The center of the nave was full, so we found seats on the side. We couldn’t see the actual service but could watch on a monitor. The music was the big thing—the choir, the celebrant, the pipe organ.

Joanna was reluctant to leave her carry-on at the hotel because she had money and other valuables in it. The city is on high alert. When we reached the square in front of the cathedral, soldiers stopped us and asked her to open the bag. 

She had to open it again when we entered the church door.

There was quite a crowd outside the church, too, including one very colorful old guy on a bicycle.


We strolled back to the hotel after the service. We took a street called Rue Miron, which included a couple of buildings that, according to a sign, date back to the Middle Ages.

One had a bent wall looming over an alley. I don’t know if it was buckling or if it was built that way. It reminded me of the crooked houses of Amsterdam, and of the funny play house outside Gare du Nord.


We checked in and took a rest. We may have gotten catnaps on the plane, but if we managed two full hours’ sleep between the two of us, I’d be surprised. So we were beat.

We checked out a restaurant a few yards from the hotel, but were skeptical. It had taken roast chicken off its menu. And we were in the mood for chicken.

We went instead to Cafe Francais, which is on the Place de la Bastille facing the monument that marks where the old prison stood.


We had a plate of the tastiest green beans and mushrooms that I can remember. 

We also had snails, of course.

We followed that with chicken under a brown glaze that was also spectacular. 


I managed to spill a glass of Bordeaux on my jacket. The waiter brought me a small pitcher of hot water and vinegar. 

“It won’t do miracles,” he said. 

He was mistaken about that. There’s not a mark on the jacket, which is light blue. I’m still wearing it. 

After dessert we headed back to pass out.


We talked about walking to Gare de Lyon. It is less than a kilometer from the hotel. But wheeling bags that far can be a pain in the neck, so Monday morning we opted to wimp out and take a cab.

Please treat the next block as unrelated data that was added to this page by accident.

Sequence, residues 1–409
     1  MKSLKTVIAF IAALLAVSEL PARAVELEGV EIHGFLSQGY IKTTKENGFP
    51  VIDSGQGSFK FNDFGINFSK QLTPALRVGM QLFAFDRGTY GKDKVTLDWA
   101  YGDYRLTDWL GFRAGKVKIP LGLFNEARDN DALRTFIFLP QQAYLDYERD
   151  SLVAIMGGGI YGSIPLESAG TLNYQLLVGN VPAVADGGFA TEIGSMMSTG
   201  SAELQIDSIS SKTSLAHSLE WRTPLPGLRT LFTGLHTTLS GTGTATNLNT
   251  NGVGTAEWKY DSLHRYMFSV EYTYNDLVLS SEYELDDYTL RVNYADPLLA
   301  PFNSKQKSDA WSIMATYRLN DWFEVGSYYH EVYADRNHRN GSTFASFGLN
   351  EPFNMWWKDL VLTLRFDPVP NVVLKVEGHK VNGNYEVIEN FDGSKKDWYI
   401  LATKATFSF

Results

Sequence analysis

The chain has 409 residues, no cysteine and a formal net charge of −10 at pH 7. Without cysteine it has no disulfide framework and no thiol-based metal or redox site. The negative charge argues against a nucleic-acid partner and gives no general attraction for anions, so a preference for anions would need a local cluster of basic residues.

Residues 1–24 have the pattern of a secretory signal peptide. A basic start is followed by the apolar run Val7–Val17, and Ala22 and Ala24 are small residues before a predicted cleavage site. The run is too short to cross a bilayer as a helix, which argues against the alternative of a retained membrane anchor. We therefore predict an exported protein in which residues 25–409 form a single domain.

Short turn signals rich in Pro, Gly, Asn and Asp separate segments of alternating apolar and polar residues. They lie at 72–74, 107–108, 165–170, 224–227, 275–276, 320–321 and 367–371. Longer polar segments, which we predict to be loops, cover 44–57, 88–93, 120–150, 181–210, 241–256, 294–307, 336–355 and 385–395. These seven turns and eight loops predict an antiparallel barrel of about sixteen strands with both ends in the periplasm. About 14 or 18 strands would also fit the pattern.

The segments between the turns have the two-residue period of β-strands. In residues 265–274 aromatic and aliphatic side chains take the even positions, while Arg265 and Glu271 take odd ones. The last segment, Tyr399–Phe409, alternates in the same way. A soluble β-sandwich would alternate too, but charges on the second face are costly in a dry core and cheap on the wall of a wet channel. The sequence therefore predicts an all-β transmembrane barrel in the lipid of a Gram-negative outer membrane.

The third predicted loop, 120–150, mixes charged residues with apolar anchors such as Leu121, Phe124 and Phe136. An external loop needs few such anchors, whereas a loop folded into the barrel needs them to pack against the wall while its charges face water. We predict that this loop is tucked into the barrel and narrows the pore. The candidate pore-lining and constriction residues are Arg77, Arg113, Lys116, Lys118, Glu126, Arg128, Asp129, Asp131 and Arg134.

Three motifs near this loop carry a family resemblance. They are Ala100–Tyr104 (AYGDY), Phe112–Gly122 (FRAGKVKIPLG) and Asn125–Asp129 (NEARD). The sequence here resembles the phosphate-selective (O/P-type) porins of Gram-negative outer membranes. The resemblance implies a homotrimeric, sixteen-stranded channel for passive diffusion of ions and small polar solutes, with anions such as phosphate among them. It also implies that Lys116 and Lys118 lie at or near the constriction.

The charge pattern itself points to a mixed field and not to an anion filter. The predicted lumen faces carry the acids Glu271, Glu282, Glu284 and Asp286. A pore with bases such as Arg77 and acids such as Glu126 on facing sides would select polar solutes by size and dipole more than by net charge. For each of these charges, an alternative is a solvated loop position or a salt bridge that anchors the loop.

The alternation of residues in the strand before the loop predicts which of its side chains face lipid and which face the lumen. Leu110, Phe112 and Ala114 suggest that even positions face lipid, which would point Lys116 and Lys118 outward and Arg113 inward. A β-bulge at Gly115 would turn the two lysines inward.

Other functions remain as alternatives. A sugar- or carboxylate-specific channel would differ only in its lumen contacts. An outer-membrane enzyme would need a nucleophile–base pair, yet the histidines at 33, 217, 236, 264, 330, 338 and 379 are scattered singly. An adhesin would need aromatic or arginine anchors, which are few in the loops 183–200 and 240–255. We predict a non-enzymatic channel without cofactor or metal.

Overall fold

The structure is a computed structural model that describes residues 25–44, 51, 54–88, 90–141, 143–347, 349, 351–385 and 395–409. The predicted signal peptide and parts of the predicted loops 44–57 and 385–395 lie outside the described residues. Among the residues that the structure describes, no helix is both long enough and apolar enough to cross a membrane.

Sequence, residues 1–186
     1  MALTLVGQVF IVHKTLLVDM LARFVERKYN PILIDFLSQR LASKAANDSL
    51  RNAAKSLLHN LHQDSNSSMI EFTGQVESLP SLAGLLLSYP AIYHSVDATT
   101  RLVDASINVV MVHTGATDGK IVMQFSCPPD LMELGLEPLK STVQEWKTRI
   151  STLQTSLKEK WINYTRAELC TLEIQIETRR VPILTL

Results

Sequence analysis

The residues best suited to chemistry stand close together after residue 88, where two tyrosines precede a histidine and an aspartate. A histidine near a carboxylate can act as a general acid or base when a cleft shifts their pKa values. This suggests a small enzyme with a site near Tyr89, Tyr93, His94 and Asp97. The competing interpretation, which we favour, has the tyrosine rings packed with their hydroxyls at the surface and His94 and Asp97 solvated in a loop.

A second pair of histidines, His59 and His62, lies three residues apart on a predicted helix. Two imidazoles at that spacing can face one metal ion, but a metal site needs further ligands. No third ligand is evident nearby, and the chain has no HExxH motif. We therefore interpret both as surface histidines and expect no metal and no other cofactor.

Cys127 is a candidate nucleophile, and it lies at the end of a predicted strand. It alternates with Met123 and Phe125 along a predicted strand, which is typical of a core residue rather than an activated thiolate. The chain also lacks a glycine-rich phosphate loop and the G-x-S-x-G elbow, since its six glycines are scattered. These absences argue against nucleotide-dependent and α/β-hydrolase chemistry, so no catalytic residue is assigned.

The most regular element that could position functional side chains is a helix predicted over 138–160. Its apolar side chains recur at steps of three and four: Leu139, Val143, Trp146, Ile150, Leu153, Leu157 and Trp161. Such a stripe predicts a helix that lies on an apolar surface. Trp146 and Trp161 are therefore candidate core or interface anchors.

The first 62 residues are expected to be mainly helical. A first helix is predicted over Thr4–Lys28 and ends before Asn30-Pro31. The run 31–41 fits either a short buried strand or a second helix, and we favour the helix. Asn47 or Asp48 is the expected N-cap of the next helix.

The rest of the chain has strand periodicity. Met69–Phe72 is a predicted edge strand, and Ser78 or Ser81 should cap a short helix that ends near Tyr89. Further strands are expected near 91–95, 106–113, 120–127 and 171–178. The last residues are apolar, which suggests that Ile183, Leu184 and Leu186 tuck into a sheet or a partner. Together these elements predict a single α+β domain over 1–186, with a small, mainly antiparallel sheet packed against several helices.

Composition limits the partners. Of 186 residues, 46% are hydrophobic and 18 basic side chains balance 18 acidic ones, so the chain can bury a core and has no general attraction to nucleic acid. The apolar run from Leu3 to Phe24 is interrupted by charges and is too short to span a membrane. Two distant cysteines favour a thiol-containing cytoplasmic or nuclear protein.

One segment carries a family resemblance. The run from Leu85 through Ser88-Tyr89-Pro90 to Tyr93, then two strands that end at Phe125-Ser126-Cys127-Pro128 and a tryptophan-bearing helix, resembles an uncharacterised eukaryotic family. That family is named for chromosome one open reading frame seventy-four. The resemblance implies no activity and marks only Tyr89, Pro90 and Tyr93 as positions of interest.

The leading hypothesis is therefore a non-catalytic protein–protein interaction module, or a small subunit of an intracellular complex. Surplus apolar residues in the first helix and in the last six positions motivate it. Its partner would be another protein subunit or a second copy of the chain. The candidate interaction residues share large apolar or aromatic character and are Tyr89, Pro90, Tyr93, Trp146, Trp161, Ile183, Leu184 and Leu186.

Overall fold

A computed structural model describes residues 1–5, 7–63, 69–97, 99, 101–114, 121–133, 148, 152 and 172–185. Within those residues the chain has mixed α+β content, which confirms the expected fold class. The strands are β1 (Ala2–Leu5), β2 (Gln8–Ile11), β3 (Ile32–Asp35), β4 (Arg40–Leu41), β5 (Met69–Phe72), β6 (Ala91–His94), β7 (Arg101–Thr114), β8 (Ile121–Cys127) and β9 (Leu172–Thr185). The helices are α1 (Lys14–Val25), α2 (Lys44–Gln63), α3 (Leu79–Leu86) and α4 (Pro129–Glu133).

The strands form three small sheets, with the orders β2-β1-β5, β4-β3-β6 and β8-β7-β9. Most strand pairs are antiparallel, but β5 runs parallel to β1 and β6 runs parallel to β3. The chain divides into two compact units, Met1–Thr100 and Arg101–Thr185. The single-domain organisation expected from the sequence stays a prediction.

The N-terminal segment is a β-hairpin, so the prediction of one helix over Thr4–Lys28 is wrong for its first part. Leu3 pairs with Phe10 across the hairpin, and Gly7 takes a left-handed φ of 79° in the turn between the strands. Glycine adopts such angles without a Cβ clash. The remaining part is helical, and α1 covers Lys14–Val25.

It was fun to sit in the station for a while and watch people work out on the pedal-powered battery recharger.


We had bought our tickets online and printed them before we left. 
We had not done that before, but will again. There was no problem at all. The conductor scanned the code on our printouts and wished us a bon voyage.

We were on the top deck of a two-level car. We had no idea how many passengers would be trying to get out of the car at Avignon or how long the train would stop there. 

We didn’t want to be the two geriatric characters blocking the stairs with their suitcases, so we brought our bags down and finished the last 10 minutes or so of the ride in the vestibule. 

It’s good that we did. Not so many were getting off, but there were plenty of antsy people on the platform raring to get on board.

We took the glass elevator down to the main level of the station and saw Larry coming to meet us even before the car stopped.


We piled into the Citroen and got lost just outside Avignon. We got a good look at the city walls and gates while we searched for the sign that pointed the way to Carpentras, which is in the direction we needed to go for Beaumes-de-Venise.


We went this way, that way, and then Joanna saw the sign. So Larry turned us around one more time and we were good to go. 

When we arrived at the house, Sophie was in the pool. That is, she was in the dry pool grouting the replacement tile.


We had daube, the local beef stew, for dinner along with two local red wines. One was from the Beaumes-de-Venise co-op, which Claude heads, and the other was from Martinelle, a particular favorite of Larry's.

That was Monday. Tuesday is market day in Vaison-la-Romaine. We got up and headed to the market town and got there in time to get the last space in the parking lot.


Larry, who is the cook when he’s in Provence, didn’t need too much. But these open-air markets are always fun to visit. We walked around looking at stuff. 

Larry stood in line for sausage. Joanna bought a piece of pastry for a snack. 

There is an archeological site in town, and we walked around the fence above it, but the gate was closed so we couldn’t get in.


On the way back to the Chabrans’ house we stopped at winery called Domaine la Garrigue to get a few bottles of white and some rose. Garrigue is the local name for the ground cover in the region. 

It includes grass, flowers, and herbs all growing wild. 

Larry says it has a characteristic smell, which gets into the wines of the countryside.